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by Lola Christina Alao

Exploring Priya Ahluwalia's journey to London Fashion Week.

If the last almost 12 months are anything to go by, where we’ve all been subject to being in the same environment 24/7, you’ll probably find it refreshing to see the rich in colour tracksuits among intricately decorated church-like walls in Ahluwalia’s short film and the Laurence Ellis-shot lookbook this season.

Born in South West London to a Nigerian father and an Indian mother, Priya Ahluwalia, the founder of Ahluwalia started her journey after graduating from Westminster University in June 2018. Since then, Priya has won the H&M Design Award 2019, became one of the eight LVMH Prize finalists, was listed as one of the Forbes 30 under 30 on the European Arts and Culture list and recently was awarded the Queen Elizabeth II Award For British Design. 

A trailblazer in her own right, she is one of the most exciting emerging designers in the UK. Her work is characterised by her multicultural Nigerian and Indian heritage, and her fascination with ethical production – inspired by a trip to Lagos. On how Priya’s background has influenced her, she says: “I love the mixed wardrobe of a London man. Men in London can wear a suit or a tracksuit, and it works. I partner that with the vibrancy of the Lagos man, and then the craftsmanship of India. For example, I always use burnt orange, because it reminds me of the colour of the sand in Lagos, and I love the Indian dyeing, beading and embroidery methods. Things are extremely nuanced in my collections and you might not see the references at first. I’m not a literal designer,” for GQ.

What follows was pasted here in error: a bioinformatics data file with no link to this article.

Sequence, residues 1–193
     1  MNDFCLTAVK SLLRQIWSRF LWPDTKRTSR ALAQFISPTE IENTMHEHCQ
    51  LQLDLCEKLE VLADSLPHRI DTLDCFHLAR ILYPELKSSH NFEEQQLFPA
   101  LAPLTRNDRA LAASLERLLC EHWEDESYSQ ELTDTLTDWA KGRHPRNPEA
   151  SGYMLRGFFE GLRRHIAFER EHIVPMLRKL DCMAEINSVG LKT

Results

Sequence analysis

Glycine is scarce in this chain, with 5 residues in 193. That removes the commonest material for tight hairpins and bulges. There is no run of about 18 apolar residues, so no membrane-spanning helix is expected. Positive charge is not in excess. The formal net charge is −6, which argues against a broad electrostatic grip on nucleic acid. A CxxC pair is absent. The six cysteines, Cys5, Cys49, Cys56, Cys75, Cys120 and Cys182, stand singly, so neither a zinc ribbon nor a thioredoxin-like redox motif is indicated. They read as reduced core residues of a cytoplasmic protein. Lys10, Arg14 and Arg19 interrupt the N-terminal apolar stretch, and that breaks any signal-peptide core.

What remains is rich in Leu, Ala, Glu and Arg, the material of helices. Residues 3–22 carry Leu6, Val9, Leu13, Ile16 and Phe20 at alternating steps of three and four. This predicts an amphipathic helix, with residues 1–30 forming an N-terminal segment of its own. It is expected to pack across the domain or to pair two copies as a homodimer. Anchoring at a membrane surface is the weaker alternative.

For AW21, Ahluwalia’s London Fashion Week film titled Traces features Priya’s notorious daring creation. The film’s soft tone is enhanced by the enchanting sound of a trumpet, with the music produced by CKTRL, South London based musician and producer. CKTRL has worked with the likes of Sampha, Kelela and Dean Blunt in the past – and has been active in the London scene as a DJ for over a decade. 

In an interview for NTS, CKTRL explains that the lower bass notes work as a representation migration, in the way that we end up in different places when we move around. Described as “in between a music video and a fashion film”, Traces is based in a misty, slightly eerie room. The visuals spontaneously flick between the models gazing at CKTRL and the models freely flowing amongst each other. One scene cuts to a series of candles gently flickering, adding to the film’s dreamy ambience. “Emerald is a high export of Nigeria, and I was looking at all these jewels and how they travel around the world,” Priya told Vogue. The emerald can be seen in the panelling on the quarter-zip track hoodie and trousers.

Priya’s first short film titled “Joy” was launched in November 2020 at GucciFest, with a focus on the Black experience. She partnered with director Samona Olanipekun to create Joy, and it is a film described as a celebration of the “everyday beauty and strength of the Black existence”.

“When I received the first email from Gucci, I thought it was an advert or something, I was completely shocked when I opened it and they said they wanted to do a project,” Priya explained to Hypebeast.

“It feels like such an honor, and it was quite a lot of pressure but in a good way. I have had the opportunity to make a film, which has been a totally new experience for me, one I have really, really enjoyed.” The film features a more toned down colour palette than what we saw in Traces.

But it doesn’t stop there, Priya has even created a book. Sweet Lassi is one of two books by the multi-faceted creative, which focuses on a 2017 trip to visit family, in Lagos, Nigeria. The collection featured in Sweet Lassi focuses on Priya’s desire to be socially responsible in her work. The book is a much needed and urgent response to the world’s pressing climate issue, and was recognised and amplified by a number of online publications.

Priya’s journey stands out for it’s creative innovation, and unique approach to menswear which centres vibrancy and exuberance. The collection from Traces, as well as the intricate production, music and visuals – give us some excitement and hope during a time which is anything but.

Laurence Ellis courtesy of Ahluwalia
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